“The conference also explored the actions in their NDIA First Nations Employment and Inclusion Plan 2022-25 and what the Agency could do to bring those actions to life, including career development, recruitment and retention of First Nations peoples.”
To read the full story click here.
Noel Pearson proposes “A job guarantee for the Bottom Million”
In the third instalment of his thought-provoking ABC Boyer Lecture series, Noel Pearson examines the individual, community and societal structures required to empower Aboriginal communities and how a Voice will support them.
In this lecture, Pearson cites a 2017 Productivity Commission report which found three per cent of Australians were in income poverty continuously for at least the previous four years. They come from single parent families, the unemployed, people with disabilities and Indigenous Australians who were particularly likely to experience income poverty, deprivation and social exclusion.
“The Commission’s numbers are open to debate. They are likely an underestimate. I propose this Bottom Million is caught in four traps: the trap of the natural rate of unemployment, the trap of the middle-class welfare service industries, the trap of the vice industries and the trap of voicelessness.” Pearson said.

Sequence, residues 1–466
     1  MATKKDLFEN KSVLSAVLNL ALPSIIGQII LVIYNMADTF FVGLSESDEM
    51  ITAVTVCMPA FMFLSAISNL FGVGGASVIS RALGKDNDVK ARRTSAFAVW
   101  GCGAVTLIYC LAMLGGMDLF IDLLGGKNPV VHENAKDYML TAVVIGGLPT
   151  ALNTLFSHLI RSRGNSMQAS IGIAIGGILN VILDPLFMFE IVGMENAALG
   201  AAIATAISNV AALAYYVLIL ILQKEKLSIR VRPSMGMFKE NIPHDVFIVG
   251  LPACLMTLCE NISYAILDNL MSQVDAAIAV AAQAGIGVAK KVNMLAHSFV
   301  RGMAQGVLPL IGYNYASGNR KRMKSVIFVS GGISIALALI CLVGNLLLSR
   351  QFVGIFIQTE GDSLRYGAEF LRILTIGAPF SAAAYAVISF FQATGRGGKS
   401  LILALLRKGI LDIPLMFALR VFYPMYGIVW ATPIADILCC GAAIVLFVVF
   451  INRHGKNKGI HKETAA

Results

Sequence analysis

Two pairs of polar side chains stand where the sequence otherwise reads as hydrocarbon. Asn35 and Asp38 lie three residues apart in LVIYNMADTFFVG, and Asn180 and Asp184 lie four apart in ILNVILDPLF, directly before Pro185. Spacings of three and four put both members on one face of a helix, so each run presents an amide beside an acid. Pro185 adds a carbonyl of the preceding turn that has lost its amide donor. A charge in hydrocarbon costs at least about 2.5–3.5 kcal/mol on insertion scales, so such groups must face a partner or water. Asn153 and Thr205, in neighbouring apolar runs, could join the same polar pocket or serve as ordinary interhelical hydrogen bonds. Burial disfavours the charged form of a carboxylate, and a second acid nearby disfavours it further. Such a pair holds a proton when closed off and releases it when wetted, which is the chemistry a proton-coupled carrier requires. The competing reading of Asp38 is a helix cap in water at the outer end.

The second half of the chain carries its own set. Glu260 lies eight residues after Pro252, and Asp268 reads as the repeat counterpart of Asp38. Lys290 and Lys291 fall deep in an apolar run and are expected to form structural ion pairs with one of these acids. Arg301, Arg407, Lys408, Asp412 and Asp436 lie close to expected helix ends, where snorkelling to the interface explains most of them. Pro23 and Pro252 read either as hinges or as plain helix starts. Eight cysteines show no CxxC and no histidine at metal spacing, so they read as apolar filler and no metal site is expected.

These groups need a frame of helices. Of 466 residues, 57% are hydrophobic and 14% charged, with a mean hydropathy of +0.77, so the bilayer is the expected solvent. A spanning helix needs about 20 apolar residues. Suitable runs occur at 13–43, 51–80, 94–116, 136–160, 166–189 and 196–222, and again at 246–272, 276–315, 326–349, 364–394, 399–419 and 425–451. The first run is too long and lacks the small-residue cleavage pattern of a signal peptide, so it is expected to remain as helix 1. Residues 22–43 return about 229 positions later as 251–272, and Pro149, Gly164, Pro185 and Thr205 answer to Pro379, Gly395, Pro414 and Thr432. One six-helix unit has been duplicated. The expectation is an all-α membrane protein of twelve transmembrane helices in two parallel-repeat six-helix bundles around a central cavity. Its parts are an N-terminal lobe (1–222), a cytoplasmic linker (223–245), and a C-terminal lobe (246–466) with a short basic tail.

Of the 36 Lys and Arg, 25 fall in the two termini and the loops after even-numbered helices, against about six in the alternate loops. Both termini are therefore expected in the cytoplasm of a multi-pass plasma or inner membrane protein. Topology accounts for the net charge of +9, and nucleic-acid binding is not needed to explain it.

“If a Voice is to be effective and meaningful, it must be about giving the Wik people a Voice, so that they can take better responsibility for their people. It must be about giving the Yolngu a Voice, so that they can be empowered to solve their own problems. It must be about giving the Yorta Yorta a voice. This must not be a top-down, socialist structure.”
Read the full story here.
Sector Jobs – you can see sector job listings on the NACCHO website here.
Advertising Jobs – to advertise a job vacancy click here to go to the NACCHO website Current job listings webpage. Scroll down to the bottom of the page to find a Post A Job form. You can complete this form with your job vacancy details – it will then be approved for posting and go live on the NACCHO website.